Ambulance strikes on hold as minister agrees to pay talks
AMBULANCE strikes planned for next week have been called off as unions prepare for pay talks with the Health Secretary.
After the GMB vowed to escalate walkouts by refusing to respond to some heart attack and stroke victims, Steve Barclay agreed yesterday to meet representatives of the ambulance workers.
Tens of thousands of key workers had been due to walk out on Monday and Wednesday, but the GMB and Unison unions said ministers had promised there was enough cash for pay rises over two years.
The GMB, whose strike was set to involve 13,000 workers, had changed its exemptions so that many workers would respond only to lifethreatening ‘category one’ calls, where a person’s heart has stopped or they are not breathing.
It meant category two calls, such as heart attacks and strokes, would not typically receive an ambulance.
Rachel Harrison, national secretary of the GMB, said: ‘This is a huge shift from the Government, who for months have refused to consider negotiations on pay. The Government has given assurances of additional cash for both years above existing budgets.’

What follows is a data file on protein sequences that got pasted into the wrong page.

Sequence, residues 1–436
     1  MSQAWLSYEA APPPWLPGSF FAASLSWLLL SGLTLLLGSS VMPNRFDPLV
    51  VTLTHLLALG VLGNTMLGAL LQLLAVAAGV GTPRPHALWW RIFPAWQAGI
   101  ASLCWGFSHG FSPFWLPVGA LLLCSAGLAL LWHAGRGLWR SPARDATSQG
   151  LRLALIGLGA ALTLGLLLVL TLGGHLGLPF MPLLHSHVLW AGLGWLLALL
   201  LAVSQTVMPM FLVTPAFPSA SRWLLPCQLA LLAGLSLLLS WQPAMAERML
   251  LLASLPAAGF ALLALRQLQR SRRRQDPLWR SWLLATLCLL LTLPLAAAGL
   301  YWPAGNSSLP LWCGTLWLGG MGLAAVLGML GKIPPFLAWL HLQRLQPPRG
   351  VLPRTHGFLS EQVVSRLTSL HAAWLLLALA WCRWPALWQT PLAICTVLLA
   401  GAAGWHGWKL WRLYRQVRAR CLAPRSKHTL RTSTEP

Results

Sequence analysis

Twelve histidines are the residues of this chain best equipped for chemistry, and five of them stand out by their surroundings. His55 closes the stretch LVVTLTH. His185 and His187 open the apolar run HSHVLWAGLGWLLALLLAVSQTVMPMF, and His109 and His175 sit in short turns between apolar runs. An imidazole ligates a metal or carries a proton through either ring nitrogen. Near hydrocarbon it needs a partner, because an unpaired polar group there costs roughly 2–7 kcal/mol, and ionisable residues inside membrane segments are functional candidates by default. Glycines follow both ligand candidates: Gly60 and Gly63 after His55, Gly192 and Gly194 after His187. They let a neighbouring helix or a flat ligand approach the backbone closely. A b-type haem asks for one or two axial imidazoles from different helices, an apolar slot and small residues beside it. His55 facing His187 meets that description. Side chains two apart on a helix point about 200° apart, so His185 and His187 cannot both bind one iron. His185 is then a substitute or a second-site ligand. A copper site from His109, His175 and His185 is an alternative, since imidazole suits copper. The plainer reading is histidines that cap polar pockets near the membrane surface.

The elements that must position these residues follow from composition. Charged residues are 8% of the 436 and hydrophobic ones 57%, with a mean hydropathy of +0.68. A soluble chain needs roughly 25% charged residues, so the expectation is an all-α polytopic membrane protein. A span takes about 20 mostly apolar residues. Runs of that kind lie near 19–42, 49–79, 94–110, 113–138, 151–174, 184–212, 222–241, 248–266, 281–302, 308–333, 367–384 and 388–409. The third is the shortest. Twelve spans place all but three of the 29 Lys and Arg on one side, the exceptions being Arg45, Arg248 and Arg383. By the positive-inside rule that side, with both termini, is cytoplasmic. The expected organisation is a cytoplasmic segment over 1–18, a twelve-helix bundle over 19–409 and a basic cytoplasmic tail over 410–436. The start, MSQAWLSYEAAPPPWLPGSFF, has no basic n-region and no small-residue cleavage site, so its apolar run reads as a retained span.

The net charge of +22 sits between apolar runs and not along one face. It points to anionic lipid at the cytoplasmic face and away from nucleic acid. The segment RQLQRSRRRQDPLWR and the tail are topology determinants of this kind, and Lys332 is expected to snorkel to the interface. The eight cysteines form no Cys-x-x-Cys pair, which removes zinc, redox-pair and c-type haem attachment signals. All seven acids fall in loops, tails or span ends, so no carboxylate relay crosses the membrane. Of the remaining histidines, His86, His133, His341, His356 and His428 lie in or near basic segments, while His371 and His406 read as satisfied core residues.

However, the union threatened the strike would ‘return with a vengeance’ if talks broke down. Sara Gorton, from Unison, which called off walkouts by 32,000 staff, also said strikes would resume if discussions – which are due to take place early next week – are not ‘meaningful’.
GMB members in the Welsh Ambulance service have also agreed to suspend strikes on Monday.
A Department of Health spokesman said: ‘We want to start these talks as soon as possible and are ready to meet over the weekend.’
Around 3,000 ambulance staff who are members of the Unite union are still set to walk out, which the spokesman called ‘disappointing’.
‘We urge them to call off strikes and join other unions at the negotiating table,’ they added.